If a new game is launched and meant to "replace" the old one, if the new one is really better people won't bother with the older version and the amount of "lost" revenue would be lost than to take it all to court and fight for it.

 

Also older games usually have communities around them, if they kill a game, they don't only kill a game but also a community, usually only a small group of people. If they just let the community bring the game back to life the community can stick together and keep on existing. People would be happy and it's not like it's dangerous or anything...

 

I think publishers are doing this not only because of money but also because their new games aren't that much better than what's already out there and know that not many people will bother about their new game if many people like the older one more.


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10 hours ago, asus killer said:

it is beyond my comprehension skills how can one legally circumvent online DRM for the cases when the authentication is no longer possible by the servers shutdown by the publishers... and makes it illegal to create a server for multiplayer games that no longer have servers active.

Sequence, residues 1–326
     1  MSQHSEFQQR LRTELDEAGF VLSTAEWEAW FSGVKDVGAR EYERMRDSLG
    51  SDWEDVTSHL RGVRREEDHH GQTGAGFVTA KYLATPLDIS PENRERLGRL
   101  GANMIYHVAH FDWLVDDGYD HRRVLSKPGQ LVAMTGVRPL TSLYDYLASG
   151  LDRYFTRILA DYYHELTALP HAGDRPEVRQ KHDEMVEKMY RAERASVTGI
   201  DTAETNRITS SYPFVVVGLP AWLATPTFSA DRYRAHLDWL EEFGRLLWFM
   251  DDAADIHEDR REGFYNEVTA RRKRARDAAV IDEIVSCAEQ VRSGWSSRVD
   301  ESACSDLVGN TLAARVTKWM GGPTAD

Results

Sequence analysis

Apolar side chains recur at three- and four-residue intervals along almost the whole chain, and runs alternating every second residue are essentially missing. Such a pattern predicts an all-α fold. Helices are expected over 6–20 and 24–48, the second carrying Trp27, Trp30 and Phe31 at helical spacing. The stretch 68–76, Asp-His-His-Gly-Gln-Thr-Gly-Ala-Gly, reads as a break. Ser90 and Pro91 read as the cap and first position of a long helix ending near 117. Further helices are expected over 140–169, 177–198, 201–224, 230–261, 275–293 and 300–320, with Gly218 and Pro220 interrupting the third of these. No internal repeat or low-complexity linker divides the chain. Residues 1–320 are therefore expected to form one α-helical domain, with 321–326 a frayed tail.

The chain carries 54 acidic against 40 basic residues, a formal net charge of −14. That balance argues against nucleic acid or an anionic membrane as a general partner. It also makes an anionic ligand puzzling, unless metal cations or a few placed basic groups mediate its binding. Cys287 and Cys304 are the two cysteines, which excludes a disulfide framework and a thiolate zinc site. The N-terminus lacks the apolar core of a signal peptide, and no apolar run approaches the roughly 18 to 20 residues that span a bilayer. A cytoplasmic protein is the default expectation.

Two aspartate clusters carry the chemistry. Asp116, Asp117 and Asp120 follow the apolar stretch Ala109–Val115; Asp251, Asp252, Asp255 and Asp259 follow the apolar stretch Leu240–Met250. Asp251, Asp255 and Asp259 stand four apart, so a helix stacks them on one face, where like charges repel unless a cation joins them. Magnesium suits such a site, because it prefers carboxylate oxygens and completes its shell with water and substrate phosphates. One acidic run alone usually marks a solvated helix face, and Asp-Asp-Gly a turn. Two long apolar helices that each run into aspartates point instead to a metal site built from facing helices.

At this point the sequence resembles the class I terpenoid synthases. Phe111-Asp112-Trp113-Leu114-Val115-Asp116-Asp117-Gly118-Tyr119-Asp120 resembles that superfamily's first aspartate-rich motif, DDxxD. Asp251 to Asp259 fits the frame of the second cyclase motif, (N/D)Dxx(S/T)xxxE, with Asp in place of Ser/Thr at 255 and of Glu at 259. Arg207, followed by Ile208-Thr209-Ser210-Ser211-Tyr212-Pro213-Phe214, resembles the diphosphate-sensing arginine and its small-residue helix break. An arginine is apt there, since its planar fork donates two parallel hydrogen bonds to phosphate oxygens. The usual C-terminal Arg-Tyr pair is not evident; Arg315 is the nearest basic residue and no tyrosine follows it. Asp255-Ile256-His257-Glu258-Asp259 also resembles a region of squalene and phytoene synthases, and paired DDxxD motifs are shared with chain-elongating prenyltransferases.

Weird world we live in.

Because IP rights are not linked to active use.    There are three issues here, not being able to play decommissioned games is only one aspect and it doesn't technically relate to IP/CR law.

 

1. IP is the sole domain of the owner,  regardless of usage or age.  The publishers can argue that IP in decommissioned games is still relevant to current games, therefore they do not permit de-compiling or use. IP law protects this right.

 

2.IP law has no provision of fair use policy like CR does with artwork.  Game code is not art but an engineered product.   If a publisher allows games to be used undefended then they lessen their chance of protecting IP in future cases.  (this is why  we see stupid lawsuits between companies when contracts go wonky, like the cryengine/SC suit).